Drug eluting beads (DEBs) are a widely used embolic system for localized delivery in TACE. However, the mechanism of drug incorporation limits the drugs that can be used. Leading microspheres use either an ion exchange method or a swelling process followed by interaction of the drug with ionized side chains. In both methods, only charged, low molecular weight drugs can be incorporated. Most commonly, the positively charged salt forms of doxorubicin or irinotecan have been incorporated into clinically available DEBs. A further limitation of these non-degradable DEBs is their finite size and inability to penetrate down to the arterio-capillary level of the vessels feeding into the tumor, thus decreasing penetration and reducing the total tumor volume that can be exposed to drug. DEB drug delivery relies on the concentration gradient within the spheres followed by either diffusive or matrix swelling mechanisms for non-degradable polymer matrices.
Two liquid embolic agents are currently on the market, ONYX® and PHIL™. ONYX® is composed of ethylene vinyl alcohol (EVOH) copolymer, while PHIL™ is a polymeric system where poly(lactide-co-glycolide) and poly(hydroxyl ethyl methacrylate) are both dissolved in the organic solvent dimethyl sulfoxide (DMSO). Due to the solvation in DMSO, use of these agents is associated with vascular inflammation and angionecrosis and neither can be used to deliver drugs as the dissipation of DMSO during administration would cause a burst release of the entire therapeutic payload, resulting in acute local toxicity and transient therapeutic effects. Therefore, these liquid embolics are not considered chemoembolics and are not used in TACE; they are simply used for embolic purposes.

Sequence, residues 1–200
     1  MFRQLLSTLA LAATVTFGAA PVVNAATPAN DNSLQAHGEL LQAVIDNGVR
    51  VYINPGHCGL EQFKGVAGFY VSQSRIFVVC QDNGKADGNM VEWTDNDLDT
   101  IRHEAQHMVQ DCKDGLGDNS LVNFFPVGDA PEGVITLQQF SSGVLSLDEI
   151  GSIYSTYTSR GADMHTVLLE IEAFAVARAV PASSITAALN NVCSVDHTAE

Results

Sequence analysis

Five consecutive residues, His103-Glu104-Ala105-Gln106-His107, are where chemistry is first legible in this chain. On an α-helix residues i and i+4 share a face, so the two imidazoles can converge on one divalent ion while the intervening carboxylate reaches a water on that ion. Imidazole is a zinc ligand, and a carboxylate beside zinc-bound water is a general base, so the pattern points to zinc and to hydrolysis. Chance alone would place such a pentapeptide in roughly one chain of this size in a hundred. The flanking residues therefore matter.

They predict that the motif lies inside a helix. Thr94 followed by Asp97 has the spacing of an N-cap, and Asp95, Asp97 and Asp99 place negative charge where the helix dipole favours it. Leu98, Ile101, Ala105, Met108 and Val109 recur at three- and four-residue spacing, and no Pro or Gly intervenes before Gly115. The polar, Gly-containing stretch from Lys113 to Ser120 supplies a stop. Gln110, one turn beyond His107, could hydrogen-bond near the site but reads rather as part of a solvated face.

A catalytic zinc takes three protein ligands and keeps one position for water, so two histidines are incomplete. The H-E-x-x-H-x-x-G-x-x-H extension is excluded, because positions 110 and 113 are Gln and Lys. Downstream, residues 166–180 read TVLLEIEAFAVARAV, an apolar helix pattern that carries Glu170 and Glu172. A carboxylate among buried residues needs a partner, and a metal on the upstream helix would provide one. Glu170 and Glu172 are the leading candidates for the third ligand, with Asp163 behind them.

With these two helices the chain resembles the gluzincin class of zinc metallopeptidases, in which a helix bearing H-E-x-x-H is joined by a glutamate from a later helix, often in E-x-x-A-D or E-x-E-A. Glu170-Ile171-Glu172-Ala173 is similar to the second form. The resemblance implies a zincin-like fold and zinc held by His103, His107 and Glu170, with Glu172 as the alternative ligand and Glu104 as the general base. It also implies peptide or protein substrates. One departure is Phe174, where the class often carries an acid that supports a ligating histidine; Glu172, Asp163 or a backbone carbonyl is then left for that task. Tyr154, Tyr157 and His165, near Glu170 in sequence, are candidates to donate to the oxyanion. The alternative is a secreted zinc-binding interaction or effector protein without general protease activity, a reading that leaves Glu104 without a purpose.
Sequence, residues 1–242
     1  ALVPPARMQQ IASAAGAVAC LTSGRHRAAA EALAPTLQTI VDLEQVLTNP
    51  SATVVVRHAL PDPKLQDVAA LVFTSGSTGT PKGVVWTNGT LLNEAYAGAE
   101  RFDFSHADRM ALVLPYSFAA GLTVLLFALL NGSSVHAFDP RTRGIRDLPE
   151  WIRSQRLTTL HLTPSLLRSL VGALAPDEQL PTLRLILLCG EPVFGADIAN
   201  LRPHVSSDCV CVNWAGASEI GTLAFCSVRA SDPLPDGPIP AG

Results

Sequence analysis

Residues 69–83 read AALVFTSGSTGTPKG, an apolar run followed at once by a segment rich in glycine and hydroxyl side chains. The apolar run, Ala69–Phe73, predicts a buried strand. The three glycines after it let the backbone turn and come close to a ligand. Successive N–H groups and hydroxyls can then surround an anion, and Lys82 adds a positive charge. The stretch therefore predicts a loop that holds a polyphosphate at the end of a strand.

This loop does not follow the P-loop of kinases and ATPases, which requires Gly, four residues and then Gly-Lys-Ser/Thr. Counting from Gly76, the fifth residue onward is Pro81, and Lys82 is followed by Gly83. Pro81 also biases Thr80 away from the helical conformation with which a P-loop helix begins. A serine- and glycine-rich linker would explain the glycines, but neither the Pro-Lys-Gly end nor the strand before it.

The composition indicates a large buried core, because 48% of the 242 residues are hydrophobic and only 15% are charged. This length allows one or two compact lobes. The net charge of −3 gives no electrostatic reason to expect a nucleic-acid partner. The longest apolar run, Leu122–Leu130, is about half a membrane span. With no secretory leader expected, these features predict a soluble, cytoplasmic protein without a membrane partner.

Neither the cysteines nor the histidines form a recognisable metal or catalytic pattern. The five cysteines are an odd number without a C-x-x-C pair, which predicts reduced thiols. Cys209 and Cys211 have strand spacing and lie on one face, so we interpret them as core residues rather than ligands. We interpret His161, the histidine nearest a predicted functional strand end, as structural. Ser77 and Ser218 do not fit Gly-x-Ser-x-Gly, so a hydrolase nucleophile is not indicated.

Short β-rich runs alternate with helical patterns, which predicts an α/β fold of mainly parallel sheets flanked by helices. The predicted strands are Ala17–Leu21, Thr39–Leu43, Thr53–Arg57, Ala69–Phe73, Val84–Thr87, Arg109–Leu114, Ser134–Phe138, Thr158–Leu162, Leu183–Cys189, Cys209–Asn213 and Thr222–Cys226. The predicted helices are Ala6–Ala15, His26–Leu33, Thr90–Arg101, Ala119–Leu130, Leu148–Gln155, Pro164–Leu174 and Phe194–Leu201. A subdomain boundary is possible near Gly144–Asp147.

What is needed is an embolic agent capable of penetrating down to the arterio-capillary level of vessels feeding into a tumor. Furthermore, it would be desirable if the embolic agent was a chemoembolic agent capable of localized delivery of anti-cancer agents to tumor tissue during chemoembolization. It would also be desirable to have an anti-cancer agent with reduced toxic side effects so that patients could follow the original treatment plan without delays or dose reductions, leading to improved patient outcomes. Furthermore, the anti-cancer agent would be capable of sustained, localized release of a payload of anti-cancer agent over a period of days or weeks. The present invention addresses these needs.SUMMARY
Described herein are chemoembolic compositions and agents. The compositions include one or more anti-cancer agents and a silk-elastinlike protein polymer, wherein the compositions are liquids prior to administration to a subject but convert to hydrogels upon administration to the subject. Administration of the chemoembolic compositions to tumor and/or tumor vasculature in a subject having cancer can result in reduced or inhibited blood flow to the tumor as well as localized, sustained release of the anti-cancer agent in the vicinity of the tumor. Reduction in blood flow, in turn, results in a reduction of tumor volume and/or inhibition of tumor growth, while localized release of the anti-cancer agent results in reduced systemic effects and lower overall toxicity of treatment with the compositions.